Out of the Shadows

Wednesday, 18 May 2022

The lakeside theatre returns: I chat to Kirsty Hopkins, artistic director of West Green House Opera, about the company's plans

The lake stage at West Green House Opera in 2021
The lake stage at West Green House Opera in 2021

In 2020, in response to the pandemic and the season of cancelled operas West Green House Opera decided to make the most of their assets and organise a season of concerts at an outdoor stage with the audience able to picnic in the gardens. Last year the company continued in this vein with an enchanting lakeside theatre, which is due to return this year for a season that includes productions of Mozart's Le nozze di Figaro and Donizetti's L'elisir d'amore. I recently met up with the festival's artistic director, Kirsty Hopkins to chat about the season and longer term plans.

Kirsty is perhaps best known as a long time member of The Sixteen and she remains firmly with the ensemble but her links to West Green House Opera go a long way back as she has sung in various events there, whilst her parents are staunch supporters of the company. A couple of years back, finding the combination of family life (Kirsty has a teenage daughter) and touring rather taxing, she decided to look for a second string to her bow.

West Green House Opera was created by Marylyn Abbott, whose resurrection of West Green's house and garden following the IRA bombing has been near miraculous. Marylyn remains firmly in harness but back in 2019/20 she was looking for someone to assist with marketing and administration. Marylyn and Kirsty's paths crossed at a dinner party and Kirsty started to assist with planning the 2020 season. Faced with pandemic cancellations, the company was able to use advance ticket sales to pay the artists something, but it did rather leave coffers dry.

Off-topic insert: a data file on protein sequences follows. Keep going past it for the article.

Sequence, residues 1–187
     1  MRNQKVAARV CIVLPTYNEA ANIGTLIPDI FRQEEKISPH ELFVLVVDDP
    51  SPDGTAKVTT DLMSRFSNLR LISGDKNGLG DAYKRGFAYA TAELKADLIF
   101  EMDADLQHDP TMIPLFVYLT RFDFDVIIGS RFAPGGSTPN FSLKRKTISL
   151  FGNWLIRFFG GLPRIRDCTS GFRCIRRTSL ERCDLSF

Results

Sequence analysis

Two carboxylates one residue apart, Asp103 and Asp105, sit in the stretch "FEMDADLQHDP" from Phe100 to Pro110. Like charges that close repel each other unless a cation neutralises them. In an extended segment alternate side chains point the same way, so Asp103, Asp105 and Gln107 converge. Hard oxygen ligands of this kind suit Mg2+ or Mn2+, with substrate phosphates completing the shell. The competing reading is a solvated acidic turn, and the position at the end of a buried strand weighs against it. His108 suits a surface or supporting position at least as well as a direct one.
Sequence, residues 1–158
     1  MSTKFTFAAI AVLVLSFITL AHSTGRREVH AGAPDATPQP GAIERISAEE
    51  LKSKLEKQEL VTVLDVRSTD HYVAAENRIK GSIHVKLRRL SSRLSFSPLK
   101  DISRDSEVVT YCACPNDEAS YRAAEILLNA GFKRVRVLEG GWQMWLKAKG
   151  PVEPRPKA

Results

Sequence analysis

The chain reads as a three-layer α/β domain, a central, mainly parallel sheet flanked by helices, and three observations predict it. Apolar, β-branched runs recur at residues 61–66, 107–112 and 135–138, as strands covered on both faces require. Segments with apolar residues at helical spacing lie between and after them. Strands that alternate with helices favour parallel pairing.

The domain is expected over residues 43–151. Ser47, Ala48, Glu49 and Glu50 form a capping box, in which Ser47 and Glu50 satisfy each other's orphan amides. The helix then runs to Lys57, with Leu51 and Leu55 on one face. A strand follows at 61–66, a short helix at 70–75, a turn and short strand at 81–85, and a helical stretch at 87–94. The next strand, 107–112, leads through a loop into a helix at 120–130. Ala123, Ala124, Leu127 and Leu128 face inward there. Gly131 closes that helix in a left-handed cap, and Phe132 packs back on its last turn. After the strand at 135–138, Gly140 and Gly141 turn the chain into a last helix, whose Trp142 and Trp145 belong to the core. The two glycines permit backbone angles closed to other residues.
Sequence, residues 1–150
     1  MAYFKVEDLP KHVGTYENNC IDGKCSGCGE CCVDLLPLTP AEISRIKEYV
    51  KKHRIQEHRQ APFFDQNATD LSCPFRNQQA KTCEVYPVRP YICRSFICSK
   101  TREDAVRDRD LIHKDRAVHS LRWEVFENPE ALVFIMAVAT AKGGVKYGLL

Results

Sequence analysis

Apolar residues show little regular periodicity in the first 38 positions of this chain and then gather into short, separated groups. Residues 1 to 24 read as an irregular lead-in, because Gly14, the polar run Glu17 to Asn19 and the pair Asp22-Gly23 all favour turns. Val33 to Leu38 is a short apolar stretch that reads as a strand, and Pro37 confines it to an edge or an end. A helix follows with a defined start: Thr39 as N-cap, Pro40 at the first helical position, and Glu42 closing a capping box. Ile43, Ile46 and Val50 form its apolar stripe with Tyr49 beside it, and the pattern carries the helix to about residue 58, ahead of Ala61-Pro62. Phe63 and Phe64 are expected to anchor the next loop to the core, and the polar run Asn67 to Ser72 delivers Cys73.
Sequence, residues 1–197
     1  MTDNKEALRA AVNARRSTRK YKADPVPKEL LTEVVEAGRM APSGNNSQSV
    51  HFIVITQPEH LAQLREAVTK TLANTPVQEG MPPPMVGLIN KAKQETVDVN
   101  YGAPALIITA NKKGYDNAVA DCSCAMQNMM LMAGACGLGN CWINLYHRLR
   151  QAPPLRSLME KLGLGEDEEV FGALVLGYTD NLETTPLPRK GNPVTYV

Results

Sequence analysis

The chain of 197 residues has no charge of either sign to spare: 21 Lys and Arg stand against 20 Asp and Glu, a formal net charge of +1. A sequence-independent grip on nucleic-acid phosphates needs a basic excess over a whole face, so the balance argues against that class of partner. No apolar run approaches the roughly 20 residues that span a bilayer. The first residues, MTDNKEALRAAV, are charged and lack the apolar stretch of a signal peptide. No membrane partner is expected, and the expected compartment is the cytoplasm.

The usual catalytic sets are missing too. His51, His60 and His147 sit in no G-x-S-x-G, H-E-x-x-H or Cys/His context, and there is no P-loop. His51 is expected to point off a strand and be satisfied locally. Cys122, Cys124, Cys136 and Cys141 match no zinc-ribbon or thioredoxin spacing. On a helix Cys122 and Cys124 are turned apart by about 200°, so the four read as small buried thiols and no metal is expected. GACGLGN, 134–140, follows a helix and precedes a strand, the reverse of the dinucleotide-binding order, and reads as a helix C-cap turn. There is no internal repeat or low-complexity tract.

Marylyn asked Kirsty to fix the 2020 concert series and these proved so popular that they continue. Come Autumn 2020, the question was what to do next year?

Pre-2020 the opera took place in pre-fabricated structure adjacent to the gardens. But the core audience for West Green House Opera remained somewhat nervous, disinclined to return to indoor theatre. Using the lakeside for a theatre, the way it was for concerts, would not have worked because of the slope of the land. But there is a lake and an island, so what about a stage on the island?

This was more technically complex than it might seem. The lake was created by Marylyn and there were problems making it watertight. The lake floor is clay, so cannot have supports embedded in it, any theatre would have to be cantilevered over the lake. Contractors were placed and a season planned, with the audience in covered pavilions at the lakeside. The gardens would be lit, the result would be magical.

Except that a few weeks notice, the contractors pulled out saying their calculations were wrong, it wasn't possible. But some imaginative phoning round by the company's technical director, Neil, brought a new solution. 

And it was  magical. Access to the theatre island is via Chinoiserie bridge, the lighting was indeed imaginative and audiences were delighted. So much so, that it was decided to bring the lake stage back this year. After all it capitalises on West Green House's assets. There are other opera companies with theatres in gardens, but West Green House Opera's lakeside setting makes it unique.